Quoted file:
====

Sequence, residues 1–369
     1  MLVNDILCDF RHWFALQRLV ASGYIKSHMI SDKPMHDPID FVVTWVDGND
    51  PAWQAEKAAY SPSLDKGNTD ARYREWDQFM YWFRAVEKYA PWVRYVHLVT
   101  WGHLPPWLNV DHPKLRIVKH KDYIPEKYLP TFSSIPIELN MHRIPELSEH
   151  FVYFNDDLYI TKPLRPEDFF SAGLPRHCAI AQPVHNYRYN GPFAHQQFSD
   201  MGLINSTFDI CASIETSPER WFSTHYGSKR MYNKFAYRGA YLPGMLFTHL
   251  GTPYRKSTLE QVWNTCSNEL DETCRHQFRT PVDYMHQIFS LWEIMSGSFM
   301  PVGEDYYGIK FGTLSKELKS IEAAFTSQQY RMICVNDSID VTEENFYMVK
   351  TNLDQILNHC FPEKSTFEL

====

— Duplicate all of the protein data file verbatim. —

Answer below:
Sequence, residues 1–369
     1  MLVNDILCDF RHWFALQRLV ASGYIKSHMI SDKPMHDPID FVVTWVDGND
    51  PAWQAEKAAY SPSLDKGNTD ARYREWDQFM YWFRAVEKYA PWVRYVHLVT
   101  WGHLPPWLNV DHPKLRIVKH KDYIPEKYLP TFSSIPIELN MHRIPELSEH
   151  FVYFNDDLYI TKPLRPEDFF SAGLPRHCAI AQPVHNYRYN GPFAHQQFSD
   201  MGLINSTFDI CASIETSPER WFSTHYGSKR MYNKFAYRGA YLPGMLFTHL
   251  GTPYRKSTLE QVWNTCSNEL DETCRHQFRT PVDYMHQIFS LWEIMSGSFM
   301  PVGEDYYGIK FGTLSKELKS IEAAFTSQQY RMICVNDSID VTEENFYMVK
   351  TNLDQILNHC FPEKSTFEL